Urgent ID Request : Attachments (2). 5 posts by 4 authors.

Yesterday I had placed an ‘unreasonable request’ for ID of a seed based on just an anecdote at Neora Valley, North Bengal. Today, I can attach two images. To me this looks like some sort of an acorn.
May I please request for urgent help with the ID of this seed? The reason is personal:
I had given this seed from Neora Valley to my 5 year old grand daughter and tomorrow she wants to present that to her class as part of their weekly ‘Do and Tell’ story. She asked me the name of the tree/seed and wanted me to email her a picture of the tree. I am totally lost and therefore request experts on this forum for urgent help.
Thank you very much in anticipation of your timely help.

I think it is a Quercus species (Oak), too.

These are definitely acorns but the cups of 3 acorns appear to be fused together. As the Grey Oak [Quercus leucotrichophora] is found throughtout the Himalayas, it should be reasonably safe to inform your grand daughter that they are the acorns of a Grey Oak tree.

At Dachigam WLS near Srinagar (Kashmir), i had spotted Black Bears on Oak (Quercus sp) trees and i was told by the forest guide that these Black Bears are fond of acorns.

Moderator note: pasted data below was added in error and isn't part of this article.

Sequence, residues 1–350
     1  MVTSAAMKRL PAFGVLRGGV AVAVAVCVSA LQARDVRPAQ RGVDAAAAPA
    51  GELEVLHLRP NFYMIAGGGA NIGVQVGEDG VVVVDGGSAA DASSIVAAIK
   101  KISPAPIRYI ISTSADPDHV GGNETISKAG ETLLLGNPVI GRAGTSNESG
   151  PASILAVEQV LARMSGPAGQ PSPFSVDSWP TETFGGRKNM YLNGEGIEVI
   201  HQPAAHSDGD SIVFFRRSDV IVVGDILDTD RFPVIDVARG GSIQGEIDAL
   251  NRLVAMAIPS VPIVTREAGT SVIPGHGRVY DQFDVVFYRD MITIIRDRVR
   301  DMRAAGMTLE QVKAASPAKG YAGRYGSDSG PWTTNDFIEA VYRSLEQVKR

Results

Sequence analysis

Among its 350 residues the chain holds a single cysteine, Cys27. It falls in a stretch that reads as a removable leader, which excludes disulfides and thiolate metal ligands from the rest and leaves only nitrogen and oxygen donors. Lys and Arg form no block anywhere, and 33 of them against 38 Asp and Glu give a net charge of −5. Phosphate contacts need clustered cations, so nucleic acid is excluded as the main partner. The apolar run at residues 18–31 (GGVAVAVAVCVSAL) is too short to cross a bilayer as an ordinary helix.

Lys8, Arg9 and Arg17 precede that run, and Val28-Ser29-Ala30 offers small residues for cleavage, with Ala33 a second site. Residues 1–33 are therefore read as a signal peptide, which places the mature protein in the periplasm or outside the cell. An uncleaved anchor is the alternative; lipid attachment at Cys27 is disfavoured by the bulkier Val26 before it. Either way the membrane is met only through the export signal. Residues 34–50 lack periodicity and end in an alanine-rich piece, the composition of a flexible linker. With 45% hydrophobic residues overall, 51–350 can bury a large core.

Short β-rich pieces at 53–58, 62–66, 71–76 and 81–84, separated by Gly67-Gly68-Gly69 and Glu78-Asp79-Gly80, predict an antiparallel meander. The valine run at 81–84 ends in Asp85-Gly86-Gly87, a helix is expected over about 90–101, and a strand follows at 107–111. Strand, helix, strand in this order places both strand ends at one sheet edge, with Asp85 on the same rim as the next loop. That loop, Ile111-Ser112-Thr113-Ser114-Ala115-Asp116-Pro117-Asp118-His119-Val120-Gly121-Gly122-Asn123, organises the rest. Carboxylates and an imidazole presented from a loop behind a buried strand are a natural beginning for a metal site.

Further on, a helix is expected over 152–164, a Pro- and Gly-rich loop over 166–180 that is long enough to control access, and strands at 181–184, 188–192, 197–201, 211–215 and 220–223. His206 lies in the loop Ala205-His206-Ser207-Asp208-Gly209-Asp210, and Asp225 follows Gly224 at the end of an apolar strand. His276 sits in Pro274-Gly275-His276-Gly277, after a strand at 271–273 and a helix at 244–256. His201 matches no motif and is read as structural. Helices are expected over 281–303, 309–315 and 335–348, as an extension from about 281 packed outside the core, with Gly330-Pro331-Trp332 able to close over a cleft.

Thank you all, for your very prompt and helpful response. Following the first cue from …, I found that this fruit belongs to the Quercus geminata. Here is the link:

Thanks to all again – … – the latter also confirming that this fruit is indeed eaten by bears also, in addition to being the rhesus macaque and langur’s favourite.

Quercus geminata is found in USA as per link.
It may be acorn of Quercus oblongata D.Don as per comparative images at Quercus

An unreasonable question : 4 posts by 2 authors.
at the outset, I apologise for placing a very unreasonable query.
Some years ago when I first visited Neora Valley in North Bengal, the guide plucked a fruit and called it ‘bantay’ in the local language. He said it was the most favourite fruit of the bears in that forest.
I am hoping that someone familiar with the flora of Neora Valley and the symbiosis between plants and animals in this nature reserve, would be able to throw some light on this.
Any help would be greatly appreciated.

I have got responses from a few members confirming Quercus genus. On further search, I found the species to be Quercus geminata or leucotrichophora – couldnt quite tell for lack of images on the net.


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